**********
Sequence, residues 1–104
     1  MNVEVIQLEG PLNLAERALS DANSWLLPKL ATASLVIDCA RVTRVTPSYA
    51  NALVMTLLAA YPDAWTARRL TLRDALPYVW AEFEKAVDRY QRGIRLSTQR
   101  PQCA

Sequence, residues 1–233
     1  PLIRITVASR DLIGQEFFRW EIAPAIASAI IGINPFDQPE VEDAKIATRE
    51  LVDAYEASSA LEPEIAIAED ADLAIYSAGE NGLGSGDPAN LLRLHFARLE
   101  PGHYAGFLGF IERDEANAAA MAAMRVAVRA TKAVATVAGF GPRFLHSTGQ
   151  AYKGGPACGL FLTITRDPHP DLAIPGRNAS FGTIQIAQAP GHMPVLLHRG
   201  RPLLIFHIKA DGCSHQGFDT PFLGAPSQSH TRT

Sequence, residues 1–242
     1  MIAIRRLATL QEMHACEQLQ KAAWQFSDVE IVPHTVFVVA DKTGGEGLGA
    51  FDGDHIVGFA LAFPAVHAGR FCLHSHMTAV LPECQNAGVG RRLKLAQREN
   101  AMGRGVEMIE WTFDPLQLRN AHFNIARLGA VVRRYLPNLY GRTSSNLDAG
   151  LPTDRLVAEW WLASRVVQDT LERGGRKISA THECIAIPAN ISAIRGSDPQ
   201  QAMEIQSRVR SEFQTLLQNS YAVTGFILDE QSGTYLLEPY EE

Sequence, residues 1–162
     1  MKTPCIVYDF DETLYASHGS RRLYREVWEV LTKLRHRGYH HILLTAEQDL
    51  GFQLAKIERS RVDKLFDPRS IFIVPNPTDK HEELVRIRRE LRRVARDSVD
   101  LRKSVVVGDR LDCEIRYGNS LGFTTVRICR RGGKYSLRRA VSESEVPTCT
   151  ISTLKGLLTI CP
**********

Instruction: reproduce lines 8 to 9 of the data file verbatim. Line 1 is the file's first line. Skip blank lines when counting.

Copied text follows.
   101  PGHYAGFLGF IERDEANAAA MAAMRVAVRA TKAVATVAGF GPRFLHSTGQ
   151  AYKGGPACGL FLTITRDPHP DLAIPGRNAS FGTIQIAQAP GHMPVLLHRG